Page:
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Technical change, unemployment and labor skills


  • Nelly-Eleni Pavlidou
  • Persefoni V. Tsaliki
  • Ioannis N. Vardalachakis


Purpose - This paper aims to contribute to the open, theoretical debate upon the effects of technical change on the production and labor process. Design/methodology/approach - The “optimistic” approach, which connects the compensation mechanisms and human capital theory, is compared to the dynamic approach of the labor process. Recent Labor Force Survey data are used to identify the trends and characteristics of labor markets in G-7 countries. Findings - In all G-7 countries, unemployment is present and deepening in the last two decades, whereas any employment growth observed is mainly associated with part-time, temporary, low-paid and vulnerable jobs. Moreover, any rise in employment rates refers rather exclusively to unskilful labor. Practical implications - Neither the increase in effective demand (high growth rates), nor the relaxation of labor market rigidities could lead to a sufficient employment growth that would evade unemployment. In addition, the increased investment in human capital failed to upscale workers' position in the production process. Originality/value - The value of this paper lies in its acknowledgement that an effectual policy agenda for labor-related issues should break apart from conventional beliefs that the increase in flexibility of labor market, the abolishment of asymmetries in supply and demand of labor skills and the enhancement of economy's effective demand could cope and provide a solution to current labor market hazards.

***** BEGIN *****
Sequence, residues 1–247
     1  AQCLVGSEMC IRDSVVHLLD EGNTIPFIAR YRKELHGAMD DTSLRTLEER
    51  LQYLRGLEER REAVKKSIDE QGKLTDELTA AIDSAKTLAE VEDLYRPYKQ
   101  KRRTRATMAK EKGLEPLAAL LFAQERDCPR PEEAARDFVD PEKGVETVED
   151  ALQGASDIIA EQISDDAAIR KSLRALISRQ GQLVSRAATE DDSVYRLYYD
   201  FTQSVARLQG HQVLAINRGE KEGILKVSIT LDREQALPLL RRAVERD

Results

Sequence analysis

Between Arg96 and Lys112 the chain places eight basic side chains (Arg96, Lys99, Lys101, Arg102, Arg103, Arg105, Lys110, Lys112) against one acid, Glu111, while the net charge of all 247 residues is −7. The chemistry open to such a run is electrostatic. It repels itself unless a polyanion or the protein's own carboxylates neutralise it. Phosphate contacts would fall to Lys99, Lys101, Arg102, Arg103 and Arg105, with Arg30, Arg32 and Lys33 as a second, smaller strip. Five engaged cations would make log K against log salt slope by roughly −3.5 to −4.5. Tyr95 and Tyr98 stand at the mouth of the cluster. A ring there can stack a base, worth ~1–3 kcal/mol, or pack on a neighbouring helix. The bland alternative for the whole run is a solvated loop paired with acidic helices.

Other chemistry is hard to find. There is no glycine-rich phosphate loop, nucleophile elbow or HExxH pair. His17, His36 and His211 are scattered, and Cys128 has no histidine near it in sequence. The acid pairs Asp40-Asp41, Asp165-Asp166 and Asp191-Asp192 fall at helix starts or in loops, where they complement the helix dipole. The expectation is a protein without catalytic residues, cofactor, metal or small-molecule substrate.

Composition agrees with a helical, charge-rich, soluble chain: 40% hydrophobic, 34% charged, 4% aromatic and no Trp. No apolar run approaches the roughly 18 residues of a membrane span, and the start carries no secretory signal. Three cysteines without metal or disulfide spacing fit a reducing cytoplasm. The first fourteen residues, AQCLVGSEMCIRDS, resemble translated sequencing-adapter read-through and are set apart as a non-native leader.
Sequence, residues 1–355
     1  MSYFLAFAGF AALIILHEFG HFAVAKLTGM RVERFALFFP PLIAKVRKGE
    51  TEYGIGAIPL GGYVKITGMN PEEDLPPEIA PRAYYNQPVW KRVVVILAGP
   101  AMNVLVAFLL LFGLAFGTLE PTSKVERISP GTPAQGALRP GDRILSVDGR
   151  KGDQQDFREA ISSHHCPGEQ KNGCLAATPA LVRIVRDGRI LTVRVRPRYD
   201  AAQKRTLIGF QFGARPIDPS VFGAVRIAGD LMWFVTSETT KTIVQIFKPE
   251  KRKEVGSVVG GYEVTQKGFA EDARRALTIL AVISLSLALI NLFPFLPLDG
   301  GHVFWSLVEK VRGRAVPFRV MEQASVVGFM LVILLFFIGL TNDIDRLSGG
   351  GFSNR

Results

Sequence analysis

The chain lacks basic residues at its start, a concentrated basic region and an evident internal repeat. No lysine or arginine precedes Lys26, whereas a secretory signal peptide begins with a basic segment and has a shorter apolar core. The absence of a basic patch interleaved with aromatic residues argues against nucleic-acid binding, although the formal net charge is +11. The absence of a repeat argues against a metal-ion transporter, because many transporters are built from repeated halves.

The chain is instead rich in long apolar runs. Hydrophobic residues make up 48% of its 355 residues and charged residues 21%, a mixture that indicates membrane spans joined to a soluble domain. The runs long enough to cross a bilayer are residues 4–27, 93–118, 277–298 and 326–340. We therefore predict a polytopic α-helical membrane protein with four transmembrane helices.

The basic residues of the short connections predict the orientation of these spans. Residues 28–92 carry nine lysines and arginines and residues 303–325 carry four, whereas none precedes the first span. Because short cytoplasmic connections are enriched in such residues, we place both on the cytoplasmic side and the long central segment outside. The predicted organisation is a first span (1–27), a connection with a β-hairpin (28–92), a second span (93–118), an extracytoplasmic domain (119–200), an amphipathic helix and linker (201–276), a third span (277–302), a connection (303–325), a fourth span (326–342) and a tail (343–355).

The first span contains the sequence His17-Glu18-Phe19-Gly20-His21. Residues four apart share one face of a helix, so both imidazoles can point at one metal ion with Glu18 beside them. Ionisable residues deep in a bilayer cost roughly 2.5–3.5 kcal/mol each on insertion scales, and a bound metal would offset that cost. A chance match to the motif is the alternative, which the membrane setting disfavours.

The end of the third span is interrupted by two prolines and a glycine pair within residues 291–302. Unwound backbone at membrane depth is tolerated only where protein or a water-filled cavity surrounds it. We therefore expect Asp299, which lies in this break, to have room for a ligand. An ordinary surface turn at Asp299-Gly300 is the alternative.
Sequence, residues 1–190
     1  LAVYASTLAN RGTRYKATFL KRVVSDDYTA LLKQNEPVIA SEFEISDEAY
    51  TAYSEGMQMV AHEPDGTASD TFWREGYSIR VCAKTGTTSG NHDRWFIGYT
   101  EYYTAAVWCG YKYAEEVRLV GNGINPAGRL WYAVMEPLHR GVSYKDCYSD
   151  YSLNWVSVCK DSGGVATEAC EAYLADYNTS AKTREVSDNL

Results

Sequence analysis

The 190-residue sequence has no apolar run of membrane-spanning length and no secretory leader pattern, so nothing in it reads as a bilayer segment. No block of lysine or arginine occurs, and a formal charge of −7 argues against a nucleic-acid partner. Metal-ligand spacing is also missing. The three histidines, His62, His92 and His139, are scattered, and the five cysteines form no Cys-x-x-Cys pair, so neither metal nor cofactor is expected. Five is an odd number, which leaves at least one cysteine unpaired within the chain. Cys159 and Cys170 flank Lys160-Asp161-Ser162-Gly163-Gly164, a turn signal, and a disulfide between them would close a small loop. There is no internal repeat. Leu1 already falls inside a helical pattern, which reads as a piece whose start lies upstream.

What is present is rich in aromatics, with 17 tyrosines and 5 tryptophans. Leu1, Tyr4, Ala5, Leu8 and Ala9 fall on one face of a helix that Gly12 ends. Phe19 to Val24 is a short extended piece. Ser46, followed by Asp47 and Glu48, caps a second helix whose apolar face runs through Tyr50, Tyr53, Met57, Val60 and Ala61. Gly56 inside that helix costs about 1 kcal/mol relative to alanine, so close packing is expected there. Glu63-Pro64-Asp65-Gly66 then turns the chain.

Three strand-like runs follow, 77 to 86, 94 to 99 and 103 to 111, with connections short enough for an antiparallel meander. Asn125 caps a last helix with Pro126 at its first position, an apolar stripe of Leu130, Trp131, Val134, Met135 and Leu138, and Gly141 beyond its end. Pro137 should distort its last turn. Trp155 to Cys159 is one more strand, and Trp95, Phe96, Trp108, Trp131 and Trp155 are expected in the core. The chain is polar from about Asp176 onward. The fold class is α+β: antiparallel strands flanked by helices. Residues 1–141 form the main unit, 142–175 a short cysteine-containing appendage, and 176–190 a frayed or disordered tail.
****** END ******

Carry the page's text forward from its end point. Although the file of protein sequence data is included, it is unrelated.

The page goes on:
Suggested Citation

  • Nelly-Eleni Pavlidou & Persefoni V. Tsaliki & Ioannis N. Vardalachakis, 2011. "Technical change, unemployment and labor skills," International Journal of Social Economics, Emerald Group Publishing, vol. 38(7), pages 595-606, June.
  • Handle: RePEc:eme:ijsepp:v:38:y:2011:i:7:p:595-606

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    References listed on IDEAS

    1. Laurence Ball & N. Gregory Mankiw, 2002. "The NAIRU in Theory and Practice," Journal of Economic Perspectives, American Economic Association, vol. 16(4), pages 115-136, Fall.
    2. Theodore W. Schultz, 1962. "Reflections on Investment in Man," Journal of Political Economy, University of Chicago Press, vol. 70, pages 1-1.
    3. Sloane, P. J. & Theodossiou, I., "undated". "An Econometric Analysis of Low Pay Earnings Mobility," Working Papers 98-05, Department of Economics, University of Aberdeen.
    4. Persefoni V. Tsaliki, 2009. "Economic development and unemployment: do they connect?," International Journal of Social Economics, Emerald Group Publishing, vol. 36(7), pages 773-781, June.
    5. Ake Lundvall & Bengt, 2003. "Why the new economy is a learning economy," ECONOMIA E POLITICA INDUSTRIALE, FrancoAngeli Editore, vol. 2003(117).
    6. Jacob Mincer, 1958. "Investment in Human Capital and Personal Income Distribution," Journal of Political Economy, University of Chicago Press, vol. 66, pages 281-281.
    7. Christopher Freeman, 1991. "Innovation, Changes of Techno-Economic Paradigm and Biological Analogies in Economics," Revue Économique, Programme National Persée, vol. 42(2), pages 211-232.
    8. Persefoni Tsaliki, 2008. "Economic development, human capital and technical change: the question of machinery revisited," International Review of Economics, Springer;Happiness Economics and Interpersonal Relations (HEIRS), vol. 55(4), pages 363-371, December.
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